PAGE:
This leads me to yet another thought: Is it possible that in the 2020CE People's Republic of China (PRC), a person could have heretical ideas and not be Stasied if they did not urge regime change, and constrained themselves to scholarly discourse? Jan Szczepanski and othjer sociologists apparently lived well without inquisitorial proceedings in Iron Curtain Poland, and the ideas Szcz expressed in unique personal human creativlty. Timeo Danaos et dona ferentes? Definitely. But also fear smiling (or dour) faces of all idealogical colors, including USA Republicans exercised about limits on their governmentally propped up "free market" freedom.are far more radical than the banal lust to make a buck, of would-be exploiters of surplus value aka "free marketeers": Szczepanski celelebrated
To again cite Elie Wiesel's profound dictum: "Don't compare. All suffering is intolerable." Also: Why should any person care about any person who does not care about said person? I pose this question to teachers and students, to parents and children, to employers and emploees, to society and the individual, et al.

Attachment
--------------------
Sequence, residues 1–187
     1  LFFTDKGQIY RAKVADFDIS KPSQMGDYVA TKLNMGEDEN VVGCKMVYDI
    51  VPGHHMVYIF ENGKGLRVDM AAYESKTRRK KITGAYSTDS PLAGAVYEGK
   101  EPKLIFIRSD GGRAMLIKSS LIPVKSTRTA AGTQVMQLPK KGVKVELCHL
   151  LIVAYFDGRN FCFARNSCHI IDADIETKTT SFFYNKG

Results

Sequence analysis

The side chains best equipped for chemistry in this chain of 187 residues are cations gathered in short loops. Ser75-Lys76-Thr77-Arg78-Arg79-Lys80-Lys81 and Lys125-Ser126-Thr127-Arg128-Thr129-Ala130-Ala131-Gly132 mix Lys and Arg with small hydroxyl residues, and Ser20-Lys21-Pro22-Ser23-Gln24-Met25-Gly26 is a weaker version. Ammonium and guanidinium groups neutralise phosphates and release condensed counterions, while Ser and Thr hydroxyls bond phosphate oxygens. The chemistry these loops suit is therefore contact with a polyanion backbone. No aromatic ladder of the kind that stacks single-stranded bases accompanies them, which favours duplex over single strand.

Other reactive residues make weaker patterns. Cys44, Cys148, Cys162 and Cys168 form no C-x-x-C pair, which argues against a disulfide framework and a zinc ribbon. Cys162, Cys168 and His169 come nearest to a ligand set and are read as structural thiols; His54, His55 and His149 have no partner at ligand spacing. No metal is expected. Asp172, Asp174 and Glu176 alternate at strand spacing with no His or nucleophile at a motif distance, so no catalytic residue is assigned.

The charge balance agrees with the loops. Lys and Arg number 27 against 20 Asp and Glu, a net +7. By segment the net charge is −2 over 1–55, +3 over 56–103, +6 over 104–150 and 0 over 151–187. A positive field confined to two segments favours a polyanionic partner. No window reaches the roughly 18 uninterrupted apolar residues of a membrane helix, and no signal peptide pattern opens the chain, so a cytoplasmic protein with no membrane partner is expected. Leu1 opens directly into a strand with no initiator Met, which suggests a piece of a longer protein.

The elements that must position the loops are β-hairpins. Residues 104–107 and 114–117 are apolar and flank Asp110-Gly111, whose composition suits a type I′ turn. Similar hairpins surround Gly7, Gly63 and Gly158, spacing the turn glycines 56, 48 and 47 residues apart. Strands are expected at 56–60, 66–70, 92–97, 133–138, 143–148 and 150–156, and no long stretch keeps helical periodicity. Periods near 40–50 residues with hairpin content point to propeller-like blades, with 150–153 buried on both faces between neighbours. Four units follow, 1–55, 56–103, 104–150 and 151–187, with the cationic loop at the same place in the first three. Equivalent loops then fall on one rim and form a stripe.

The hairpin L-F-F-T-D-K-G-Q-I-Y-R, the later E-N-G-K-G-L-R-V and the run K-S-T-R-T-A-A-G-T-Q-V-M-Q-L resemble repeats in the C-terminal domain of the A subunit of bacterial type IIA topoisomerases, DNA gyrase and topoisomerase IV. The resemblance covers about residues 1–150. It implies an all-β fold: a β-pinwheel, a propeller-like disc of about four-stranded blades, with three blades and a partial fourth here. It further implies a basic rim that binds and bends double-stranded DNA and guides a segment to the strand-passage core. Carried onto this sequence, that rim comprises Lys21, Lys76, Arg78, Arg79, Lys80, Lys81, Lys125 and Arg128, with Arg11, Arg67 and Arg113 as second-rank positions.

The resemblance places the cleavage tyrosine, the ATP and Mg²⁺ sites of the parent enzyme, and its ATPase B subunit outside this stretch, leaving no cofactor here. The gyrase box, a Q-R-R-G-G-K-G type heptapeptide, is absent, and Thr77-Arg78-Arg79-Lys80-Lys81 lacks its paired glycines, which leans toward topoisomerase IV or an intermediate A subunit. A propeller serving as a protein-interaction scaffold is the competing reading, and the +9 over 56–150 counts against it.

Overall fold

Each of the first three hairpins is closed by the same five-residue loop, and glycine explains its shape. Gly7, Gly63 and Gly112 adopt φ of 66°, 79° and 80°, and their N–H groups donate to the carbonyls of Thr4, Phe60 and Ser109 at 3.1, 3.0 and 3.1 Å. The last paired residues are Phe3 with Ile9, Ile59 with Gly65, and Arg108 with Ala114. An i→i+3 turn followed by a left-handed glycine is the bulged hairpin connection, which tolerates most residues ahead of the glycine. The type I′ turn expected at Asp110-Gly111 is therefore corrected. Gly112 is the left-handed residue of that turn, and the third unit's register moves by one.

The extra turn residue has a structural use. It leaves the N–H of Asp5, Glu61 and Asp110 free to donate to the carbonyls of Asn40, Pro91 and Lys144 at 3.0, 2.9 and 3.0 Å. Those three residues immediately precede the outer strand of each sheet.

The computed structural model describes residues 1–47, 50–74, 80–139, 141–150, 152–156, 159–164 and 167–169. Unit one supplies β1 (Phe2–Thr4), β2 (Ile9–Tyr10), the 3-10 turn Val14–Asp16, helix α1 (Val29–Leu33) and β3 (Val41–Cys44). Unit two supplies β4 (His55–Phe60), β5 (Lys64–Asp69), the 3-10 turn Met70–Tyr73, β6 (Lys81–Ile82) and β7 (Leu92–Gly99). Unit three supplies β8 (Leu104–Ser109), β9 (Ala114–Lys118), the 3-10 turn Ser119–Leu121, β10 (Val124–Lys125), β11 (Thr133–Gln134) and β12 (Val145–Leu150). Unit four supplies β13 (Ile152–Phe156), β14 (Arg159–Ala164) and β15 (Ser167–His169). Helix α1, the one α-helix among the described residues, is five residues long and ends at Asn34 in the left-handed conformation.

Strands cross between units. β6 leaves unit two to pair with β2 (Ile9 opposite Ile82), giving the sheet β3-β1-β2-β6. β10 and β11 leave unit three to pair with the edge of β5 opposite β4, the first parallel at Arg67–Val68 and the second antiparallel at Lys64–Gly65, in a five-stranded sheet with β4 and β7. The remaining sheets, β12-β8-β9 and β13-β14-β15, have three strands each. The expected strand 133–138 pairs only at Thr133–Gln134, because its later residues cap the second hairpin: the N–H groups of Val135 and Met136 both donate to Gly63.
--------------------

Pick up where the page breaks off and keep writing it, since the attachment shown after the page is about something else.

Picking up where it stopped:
"You have treated a fellow human as
a slavean employee!" "That is not a crime." "That, unfortunately, is true in our social surround." "Just out of curiosity, what crime would you, BMcC, invent to charge me with?" "Treating a responsible fellow human as other than a peer in discourse, conjointly with him/her disposing over a shared world. But, now that I think of it, Sir/Madam, you could plead innocence due to having been ethnically childreared, for example, a 'normal' middle-class American 19x0's childhood."